How countries respond to a pandemic: from the competent to the stupid

What’s the best way to respond to a pandemic? I’m asking out of purely academic interest, you understand, but a study of how twenty-seven countries responded to the pandemic–

Oh, hell, let’s drop twenty-two of those. Life’s complicated enough, and the article I’m relying on already dropped them for us, but let’s pretend we had a choice. We’ll look at two that handled it well and three that blew it. It’s not in depth, but it’s interesting all the same. 

The two? South Korea and Ghana–which is to say, one that I knew about and one that I didn’t. Ghana hasn’t been in any of the news that I’ve seen until now.

South Korea acknowledged the threat in January 2020, encouraged people to wear masks, and introduced a contact-tracing app. They avoided a lockdown. 

Let me quote the article here: “Each change in official alert level, accompanied by new advice regarding social contact, was carefully communicated by Jung Eun-Kyung, the head of the country’s Centre for Disease Control, who used changes in her own life to demonstrate how new guidance should work in practice.”

In other words, they had a human being leading them through it and acting like a human being. Yes, the advice changed over time, but it wasn’t rocket science.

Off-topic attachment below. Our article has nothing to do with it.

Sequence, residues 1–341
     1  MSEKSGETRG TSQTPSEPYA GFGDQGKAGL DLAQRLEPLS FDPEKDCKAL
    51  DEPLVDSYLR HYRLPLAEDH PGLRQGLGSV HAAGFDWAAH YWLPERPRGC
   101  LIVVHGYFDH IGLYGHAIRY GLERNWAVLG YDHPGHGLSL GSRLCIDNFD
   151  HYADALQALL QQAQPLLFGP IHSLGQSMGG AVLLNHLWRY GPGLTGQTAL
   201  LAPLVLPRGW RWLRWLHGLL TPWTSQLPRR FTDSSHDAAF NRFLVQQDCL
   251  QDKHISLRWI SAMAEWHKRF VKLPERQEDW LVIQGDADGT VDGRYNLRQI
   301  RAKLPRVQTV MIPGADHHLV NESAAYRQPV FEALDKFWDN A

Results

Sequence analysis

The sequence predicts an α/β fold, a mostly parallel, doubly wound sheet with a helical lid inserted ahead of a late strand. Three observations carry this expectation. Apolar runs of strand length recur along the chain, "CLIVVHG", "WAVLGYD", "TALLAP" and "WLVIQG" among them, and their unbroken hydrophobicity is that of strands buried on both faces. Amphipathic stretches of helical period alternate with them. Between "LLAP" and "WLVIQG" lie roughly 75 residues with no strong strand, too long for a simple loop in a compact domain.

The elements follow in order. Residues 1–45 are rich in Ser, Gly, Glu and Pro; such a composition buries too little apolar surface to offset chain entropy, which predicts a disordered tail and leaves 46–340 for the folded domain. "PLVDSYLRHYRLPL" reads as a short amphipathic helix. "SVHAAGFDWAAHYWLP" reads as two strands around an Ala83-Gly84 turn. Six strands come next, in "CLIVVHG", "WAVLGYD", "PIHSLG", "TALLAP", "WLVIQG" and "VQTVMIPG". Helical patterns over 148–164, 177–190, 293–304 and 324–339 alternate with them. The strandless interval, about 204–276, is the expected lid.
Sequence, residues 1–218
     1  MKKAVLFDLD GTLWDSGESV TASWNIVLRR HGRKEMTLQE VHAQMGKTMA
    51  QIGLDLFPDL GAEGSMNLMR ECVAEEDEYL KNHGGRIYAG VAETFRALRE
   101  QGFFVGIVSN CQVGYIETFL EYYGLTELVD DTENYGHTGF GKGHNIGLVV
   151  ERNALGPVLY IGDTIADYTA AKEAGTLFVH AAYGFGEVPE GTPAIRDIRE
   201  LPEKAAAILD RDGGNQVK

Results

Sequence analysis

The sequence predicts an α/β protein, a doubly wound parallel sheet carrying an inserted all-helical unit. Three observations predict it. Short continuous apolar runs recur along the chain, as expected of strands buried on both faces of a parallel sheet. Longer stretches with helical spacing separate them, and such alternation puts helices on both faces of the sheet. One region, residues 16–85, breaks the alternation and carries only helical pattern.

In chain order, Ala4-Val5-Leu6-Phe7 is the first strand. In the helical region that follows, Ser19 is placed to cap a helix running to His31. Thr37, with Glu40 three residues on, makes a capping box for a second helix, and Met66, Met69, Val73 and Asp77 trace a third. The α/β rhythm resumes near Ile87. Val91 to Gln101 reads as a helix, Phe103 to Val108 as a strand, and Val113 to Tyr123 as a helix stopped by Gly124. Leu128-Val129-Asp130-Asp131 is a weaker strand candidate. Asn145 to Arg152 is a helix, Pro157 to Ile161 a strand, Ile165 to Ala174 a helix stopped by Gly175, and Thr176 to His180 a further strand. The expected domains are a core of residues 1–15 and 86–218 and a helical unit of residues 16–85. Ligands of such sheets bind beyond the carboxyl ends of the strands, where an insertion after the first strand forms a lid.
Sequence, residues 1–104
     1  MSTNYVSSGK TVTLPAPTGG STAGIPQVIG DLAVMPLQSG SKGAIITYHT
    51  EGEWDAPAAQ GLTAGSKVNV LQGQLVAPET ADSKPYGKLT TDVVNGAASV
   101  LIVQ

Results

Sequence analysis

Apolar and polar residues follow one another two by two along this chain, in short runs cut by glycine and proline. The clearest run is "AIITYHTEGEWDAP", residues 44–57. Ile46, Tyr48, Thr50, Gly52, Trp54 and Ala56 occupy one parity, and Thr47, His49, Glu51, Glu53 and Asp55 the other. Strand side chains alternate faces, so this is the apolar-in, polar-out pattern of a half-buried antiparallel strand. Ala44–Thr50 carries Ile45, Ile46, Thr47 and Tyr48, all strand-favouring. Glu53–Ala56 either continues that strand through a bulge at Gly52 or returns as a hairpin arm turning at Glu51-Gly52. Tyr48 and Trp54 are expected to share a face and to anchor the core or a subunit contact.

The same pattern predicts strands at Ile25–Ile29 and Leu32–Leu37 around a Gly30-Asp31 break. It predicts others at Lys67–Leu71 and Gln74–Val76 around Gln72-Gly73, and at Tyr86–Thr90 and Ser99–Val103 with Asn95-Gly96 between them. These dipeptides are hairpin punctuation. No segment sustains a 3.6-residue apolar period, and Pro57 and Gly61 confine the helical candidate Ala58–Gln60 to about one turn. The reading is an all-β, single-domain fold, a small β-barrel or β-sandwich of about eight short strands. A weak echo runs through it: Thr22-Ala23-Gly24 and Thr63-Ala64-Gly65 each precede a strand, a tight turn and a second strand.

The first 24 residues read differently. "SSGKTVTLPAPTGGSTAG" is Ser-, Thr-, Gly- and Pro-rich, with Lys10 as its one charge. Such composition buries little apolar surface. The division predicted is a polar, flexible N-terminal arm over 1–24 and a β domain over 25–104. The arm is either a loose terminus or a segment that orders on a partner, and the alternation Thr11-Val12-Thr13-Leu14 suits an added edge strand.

Then Ghana comes in and ruins my theory that politicians should get out of the way and let the public health people handle public health communications. The president, Nana Addo Dankwa Akufo-Addo, “took responsibility for coronavirus policy and explained carefully each measure required, being honest about the challenges the nation faced. Simple demonstrations of empathy earned him acclaim within his nation and also around the world.”

One of the things he said resonates strongly with me, because it’s the opposite of the approach Britain took: “We know how to bring the economy back to life. What we don’t know is how to bring people back to life.”

On the other hand, we have Brazil, India, and the UK, which gave out inconsistent messages about the threat, downplayed the dangers, made impulsive decisions, and ended up with high on the list of deaths per capita. 

In Britain, Boris Johnson prioritized the economy over controlling the virus, and before he came down with Covid himself he was tap dancing through hospitals and shaking hands with infected people. Against all public health advice.

If I were giving out public health advice, I’d advise him not to tap dance. Certainly not in public.

For clarity: I made up the tap dancing in an effort to be funny. It’s been a long week here. Sometimes the jokes work and sometimes they don’t.